Comments & Curiosities: Serving up the facts on fish fries

June 04, 2011|By Peter Buffa

Sixty-four years is a long time. That's how long Costa Mesa's annual Lions Fish Fry & Carnival has been around, and it is in full swing and full sizzle this weekend.

But do not delay, dawdle or procrastinate, because Sunday is the last chance for fish fry fanatics to do their annual deep-fried, carnival ride, kewpie doll-stuffed panda thing. In addition to the extreme fun factor, the Fish Fry raises about $50,000 for the Costa Mesa-Newport Harbor Lions Club, which supports a boatload of great organizations like the Boys & Girls Clubs, Sea Scouts, various schools and the Home for Washed Up Italian-American Mayors.

Not really. I made the last one up.

According to board member Mike Scheafer, the Lions Club has fried up more than $2.5 million over the years, which is a lot of fish.


The Lions Fish Fry may be 64, but fish fries in general were invented about two weeks after water. No one knows who was the first person that said let's clear these trees, set up some tables, get some oil really hot and fry up about a zillion fish, or as they say in the South, a whole passel o' fish.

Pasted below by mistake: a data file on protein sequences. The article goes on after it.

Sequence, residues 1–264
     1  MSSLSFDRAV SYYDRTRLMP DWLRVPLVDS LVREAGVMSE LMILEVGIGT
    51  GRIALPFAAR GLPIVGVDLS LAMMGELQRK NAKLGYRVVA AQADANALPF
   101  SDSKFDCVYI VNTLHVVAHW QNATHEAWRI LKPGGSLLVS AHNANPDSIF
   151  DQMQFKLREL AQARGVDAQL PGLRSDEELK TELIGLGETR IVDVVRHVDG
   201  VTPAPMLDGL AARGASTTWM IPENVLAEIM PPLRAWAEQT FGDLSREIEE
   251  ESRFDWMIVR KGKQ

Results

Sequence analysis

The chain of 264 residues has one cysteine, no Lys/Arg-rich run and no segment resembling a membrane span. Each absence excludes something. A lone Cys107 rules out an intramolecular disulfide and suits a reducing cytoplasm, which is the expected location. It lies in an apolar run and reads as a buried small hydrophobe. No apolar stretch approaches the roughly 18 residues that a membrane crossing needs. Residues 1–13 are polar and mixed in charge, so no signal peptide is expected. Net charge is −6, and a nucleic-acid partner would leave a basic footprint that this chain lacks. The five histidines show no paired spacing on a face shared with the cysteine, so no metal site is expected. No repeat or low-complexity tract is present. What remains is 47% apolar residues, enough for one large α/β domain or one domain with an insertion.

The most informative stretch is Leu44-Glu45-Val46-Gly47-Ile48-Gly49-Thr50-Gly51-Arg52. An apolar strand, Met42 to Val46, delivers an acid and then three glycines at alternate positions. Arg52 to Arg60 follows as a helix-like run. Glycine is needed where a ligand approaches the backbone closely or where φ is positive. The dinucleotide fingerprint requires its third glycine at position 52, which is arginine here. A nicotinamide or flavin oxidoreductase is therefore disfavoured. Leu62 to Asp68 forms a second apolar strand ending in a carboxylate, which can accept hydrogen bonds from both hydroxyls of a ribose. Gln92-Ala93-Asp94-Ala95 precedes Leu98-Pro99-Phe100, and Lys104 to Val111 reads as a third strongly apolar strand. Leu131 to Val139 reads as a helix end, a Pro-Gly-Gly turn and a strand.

I've never met anyone who knows exactly what "passel" means, but speaking of the South, that is a place that claims to be where it all began — fishing then frying then fun. Then again, so does New England, and the Midwest, and we shall deal with each in turn.

In the land of grits, moon pies and RC Cola, a fish fry was a big rambunctious family/town gathering, where everyone pitched in to churn out the battered fish, fries, cole slaw and hush puppies. Where I come from, hush puppies were suede shoes that were sometimes cool, sometimes not, but in the South they are deep-fried seasoned corn fritters that look like a little ear of corn if they make them in a trick pan.

In the Midwest, the Friday night fish fry is a tradition, either at home or out, with beer being a major player. The Friday night twist actually originated in Catholic communities, as a reaction to meatless Fridays, which are long gone, but the fish fry parties on.

In the Northeast, the fish fry is a cousin to fish boils, which are not something fish get if they ride their bikes too long, but one more version of a family or community rager with giant cauldrons over wood fires on the beach filled to the brim with seafood, potatoes and vegetables.

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